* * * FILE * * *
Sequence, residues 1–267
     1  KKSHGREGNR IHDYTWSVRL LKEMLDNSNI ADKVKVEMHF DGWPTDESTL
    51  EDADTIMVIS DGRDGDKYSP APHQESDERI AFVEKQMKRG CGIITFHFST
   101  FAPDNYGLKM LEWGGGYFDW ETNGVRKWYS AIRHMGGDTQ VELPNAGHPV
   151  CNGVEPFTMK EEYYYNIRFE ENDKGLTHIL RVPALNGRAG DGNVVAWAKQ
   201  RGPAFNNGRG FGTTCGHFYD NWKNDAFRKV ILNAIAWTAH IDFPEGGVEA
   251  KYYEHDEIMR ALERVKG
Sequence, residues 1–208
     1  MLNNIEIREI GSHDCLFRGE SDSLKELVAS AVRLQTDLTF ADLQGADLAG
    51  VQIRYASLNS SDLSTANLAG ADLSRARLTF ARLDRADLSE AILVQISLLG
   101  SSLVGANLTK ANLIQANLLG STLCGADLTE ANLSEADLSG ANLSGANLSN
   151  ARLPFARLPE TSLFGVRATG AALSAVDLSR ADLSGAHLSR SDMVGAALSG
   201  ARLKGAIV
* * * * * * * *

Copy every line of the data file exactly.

Sequence, residues 1–267
     1  KKSHGREGNR IHDYTWSVRL LKEMLDNSNI ADKVKVEMHF DGWPTDESTL
    51  EDADTIMVIS DGRDGDKYSP APHQESDERI AFVEKQMKRG CGIITFHFST
   101  FAPDNYGLKM LEWGGGYFDW ETNGVRKWYS AIRHMGGDTQ VELPNAGHPV
   151  CNGVEPFTMK EEYYYNIRFE ENDKGLTHIL RVPALNGRAG DGNVVAWAKQ
   201  RGPAFNNGRG FGTTCGHFYD NWKNDAFRKV ILNAIAWTAH IDFPEGGVEA
   251  KYYEHDEIMR ALERVKG
Sequence, residues 1–208
     1  MLNNIEIREI GSHDCLFRGE SDSLKELVAS AVRLQTDLTF ADLQGADLAG
    51  VQIRYASLNS SDLSTANLAG ADLSRARLTF ARLDRADLSE AILVQISLLG
   101  SSLVGANLTK ANLIQANLLG STLCGADLTE ANLSEADLSG ANLSGANLSN
   151  ARLPFARLPE TSLFGVRATG AALSAVDLSR ADLSGAHLSR SDMVGAALSG
   201  ARLKGAIV